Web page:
Manning would be likely to serve any sentence at the U.S. Disciplinary Barracks at Fort Leavenworth, Kan.

Manning, of Crescent, Okla., enlisted in the Army in October 2007, hoping to fund his college education through the G.I. Bill. He trained as an all-source intelligence analyst at Fort Huachuca, Ariz., and was stationed at Fort Drum, N.Y.

The military said Manning’s service was troubled from the start. He took more time than usual to pass basic training and struggled to connect with fellow soldiers. In October 2009, Manning’s unit was deployed to Iraq, where as part of his assignment he was able to access classified networks containing military and diplomatic documents.

In closing arguments last week, Maj. Ashden Fein, a military prosecutor, said Manning had disregarded the “sensitivity” of the material he leaked and “decided to release it to a bunch of anti-government activists and anarchists to achieve maximum exposure, the maximum exposure, and advance his personal quest for notoriety.”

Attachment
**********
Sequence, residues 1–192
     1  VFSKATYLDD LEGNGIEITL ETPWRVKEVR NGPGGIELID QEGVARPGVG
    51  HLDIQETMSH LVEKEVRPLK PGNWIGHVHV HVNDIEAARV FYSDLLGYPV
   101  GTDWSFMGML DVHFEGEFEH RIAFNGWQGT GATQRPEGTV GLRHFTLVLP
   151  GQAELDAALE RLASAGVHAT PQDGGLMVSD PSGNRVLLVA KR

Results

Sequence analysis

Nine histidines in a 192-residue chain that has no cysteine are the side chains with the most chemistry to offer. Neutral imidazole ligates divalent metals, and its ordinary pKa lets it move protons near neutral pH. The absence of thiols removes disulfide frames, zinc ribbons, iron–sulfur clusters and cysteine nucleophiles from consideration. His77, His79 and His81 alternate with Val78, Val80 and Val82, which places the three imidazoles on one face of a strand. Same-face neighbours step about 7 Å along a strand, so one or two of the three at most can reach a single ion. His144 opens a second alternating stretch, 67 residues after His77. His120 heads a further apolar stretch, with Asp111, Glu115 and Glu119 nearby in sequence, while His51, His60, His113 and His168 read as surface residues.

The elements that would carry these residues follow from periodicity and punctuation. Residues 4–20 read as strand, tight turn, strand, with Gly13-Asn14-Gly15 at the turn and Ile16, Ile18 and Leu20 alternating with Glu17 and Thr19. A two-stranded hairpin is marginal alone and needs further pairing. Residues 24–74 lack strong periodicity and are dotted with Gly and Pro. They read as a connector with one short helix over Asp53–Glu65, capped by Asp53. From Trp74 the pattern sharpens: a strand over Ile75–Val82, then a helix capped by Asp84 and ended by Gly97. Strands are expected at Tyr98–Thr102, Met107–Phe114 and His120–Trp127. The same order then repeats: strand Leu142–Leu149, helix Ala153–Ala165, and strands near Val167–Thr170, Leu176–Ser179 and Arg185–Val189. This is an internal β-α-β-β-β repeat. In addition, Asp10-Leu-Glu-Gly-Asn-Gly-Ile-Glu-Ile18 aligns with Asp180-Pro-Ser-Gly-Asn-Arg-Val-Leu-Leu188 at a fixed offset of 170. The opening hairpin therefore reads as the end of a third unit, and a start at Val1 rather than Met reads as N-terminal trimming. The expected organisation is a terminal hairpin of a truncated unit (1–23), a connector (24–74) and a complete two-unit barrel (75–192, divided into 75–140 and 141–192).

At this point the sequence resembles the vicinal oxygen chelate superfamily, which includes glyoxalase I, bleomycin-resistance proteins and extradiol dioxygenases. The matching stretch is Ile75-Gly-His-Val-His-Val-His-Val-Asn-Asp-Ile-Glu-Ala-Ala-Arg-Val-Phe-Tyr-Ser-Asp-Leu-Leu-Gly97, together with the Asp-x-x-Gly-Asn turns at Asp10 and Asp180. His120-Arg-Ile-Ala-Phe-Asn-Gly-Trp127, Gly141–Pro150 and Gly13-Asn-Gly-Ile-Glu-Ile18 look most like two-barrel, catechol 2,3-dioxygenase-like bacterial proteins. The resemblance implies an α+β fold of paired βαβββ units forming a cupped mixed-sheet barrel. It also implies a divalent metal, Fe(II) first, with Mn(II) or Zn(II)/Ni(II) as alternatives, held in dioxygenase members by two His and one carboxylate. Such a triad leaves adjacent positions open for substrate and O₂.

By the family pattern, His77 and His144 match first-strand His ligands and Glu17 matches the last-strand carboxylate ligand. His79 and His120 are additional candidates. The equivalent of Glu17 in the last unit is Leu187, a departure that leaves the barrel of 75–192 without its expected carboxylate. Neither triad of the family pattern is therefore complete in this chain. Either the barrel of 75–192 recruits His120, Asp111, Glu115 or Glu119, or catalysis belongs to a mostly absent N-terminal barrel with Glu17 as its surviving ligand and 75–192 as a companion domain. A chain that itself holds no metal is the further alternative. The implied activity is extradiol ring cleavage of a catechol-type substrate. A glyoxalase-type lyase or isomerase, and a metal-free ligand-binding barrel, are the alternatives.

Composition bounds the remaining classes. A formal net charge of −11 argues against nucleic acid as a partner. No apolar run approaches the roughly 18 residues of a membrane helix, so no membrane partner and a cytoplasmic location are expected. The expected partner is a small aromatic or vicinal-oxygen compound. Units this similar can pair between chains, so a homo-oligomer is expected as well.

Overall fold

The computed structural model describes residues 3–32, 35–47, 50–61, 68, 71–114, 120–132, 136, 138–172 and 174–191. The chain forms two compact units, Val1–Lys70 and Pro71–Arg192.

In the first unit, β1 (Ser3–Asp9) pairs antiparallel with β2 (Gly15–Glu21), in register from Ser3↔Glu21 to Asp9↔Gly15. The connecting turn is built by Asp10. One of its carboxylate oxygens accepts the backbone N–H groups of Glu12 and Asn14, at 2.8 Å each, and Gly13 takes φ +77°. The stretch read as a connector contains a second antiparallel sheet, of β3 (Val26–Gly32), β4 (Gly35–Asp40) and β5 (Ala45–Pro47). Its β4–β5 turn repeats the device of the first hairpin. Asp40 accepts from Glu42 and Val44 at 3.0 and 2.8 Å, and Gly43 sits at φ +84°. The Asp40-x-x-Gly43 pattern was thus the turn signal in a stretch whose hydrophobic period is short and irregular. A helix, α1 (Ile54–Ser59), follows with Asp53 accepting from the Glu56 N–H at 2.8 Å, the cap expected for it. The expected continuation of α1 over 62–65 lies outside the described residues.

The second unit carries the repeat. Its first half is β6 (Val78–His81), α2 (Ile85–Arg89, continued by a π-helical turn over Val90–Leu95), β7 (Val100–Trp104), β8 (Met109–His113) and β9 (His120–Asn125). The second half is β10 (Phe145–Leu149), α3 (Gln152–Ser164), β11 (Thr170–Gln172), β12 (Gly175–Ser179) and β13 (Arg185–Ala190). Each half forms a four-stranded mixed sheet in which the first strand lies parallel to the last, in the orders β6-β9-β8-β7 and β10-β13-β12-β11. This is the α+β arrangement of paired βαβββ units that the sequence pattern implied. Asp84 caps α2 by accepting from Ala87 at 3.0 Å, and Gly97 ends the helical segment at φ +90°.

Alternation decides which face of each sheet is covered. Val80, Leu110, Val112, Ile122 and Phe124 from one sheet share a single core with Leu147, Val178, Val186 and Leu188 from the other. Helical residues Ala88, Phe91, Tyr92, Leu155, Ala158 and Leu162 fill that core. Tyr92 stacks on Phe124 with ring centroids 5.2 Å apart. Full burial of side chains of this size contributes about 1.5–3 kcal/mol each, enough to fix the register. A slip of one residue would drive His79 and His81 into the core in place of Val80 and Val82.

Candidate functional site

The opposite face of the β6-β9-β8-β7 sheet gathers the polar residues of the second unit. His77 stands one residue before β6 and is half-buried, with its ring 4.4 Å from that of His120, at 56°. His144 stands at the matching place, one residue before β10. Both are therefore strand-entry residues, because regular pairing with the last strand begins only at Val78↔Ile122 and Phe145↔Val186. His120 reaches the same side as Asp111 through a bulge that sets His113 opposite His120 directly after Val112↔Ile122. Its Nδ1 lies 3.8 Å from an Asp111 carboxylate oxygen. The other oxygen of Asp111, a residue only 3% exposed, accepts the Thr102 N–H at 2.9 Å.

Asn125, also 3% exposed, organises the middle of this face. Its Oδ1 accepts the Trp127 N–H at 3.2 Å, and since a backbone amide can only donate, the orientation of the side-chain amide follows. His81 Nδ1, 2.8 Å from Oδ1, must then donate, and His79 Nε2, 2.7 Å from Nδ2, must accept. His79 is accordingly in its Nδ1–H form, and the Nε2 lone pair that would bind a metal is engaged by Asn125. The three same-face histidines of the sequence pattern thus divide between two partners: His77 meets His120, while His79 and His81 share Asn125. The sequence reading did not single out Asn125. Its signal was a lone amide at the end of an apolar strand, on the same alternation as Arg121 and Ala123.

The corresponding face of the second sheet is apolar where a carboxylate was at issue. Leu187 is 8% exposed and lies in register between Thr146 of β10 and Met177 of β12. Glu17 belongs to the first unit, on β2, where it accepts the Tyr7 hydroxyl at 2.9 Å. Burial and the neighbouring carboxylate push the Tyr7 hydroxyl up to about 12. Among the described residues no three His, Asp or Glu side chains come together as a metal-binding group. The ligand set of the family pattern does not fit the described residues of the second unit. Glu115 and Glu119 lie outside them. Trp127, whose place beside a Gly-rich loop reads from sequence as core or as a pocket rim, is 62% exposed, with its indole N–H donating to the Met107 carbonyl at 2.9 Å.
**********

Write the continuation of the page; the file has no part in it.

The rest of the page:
Coombs has argued that Manning grew increasingly disturbed by the violence in Iraq and that his objective in copying secret documents while at a forward operating base there and leaking them to WikiLeaks was to “spark a worldwide discussion.” During the past two years of proceedings, Coombs has portrayed Manning as both naive and “well-intentioned.”

On Feb. 3, 2010, Manning turned over a trove of documents that became known as the War Logs to WikiLeaks. He attached a note: “This is possibly one of the more significant documents of our time, removing the fog of war, and revealing the true nature of the 21st century asymmetric warfare. Have a good day.”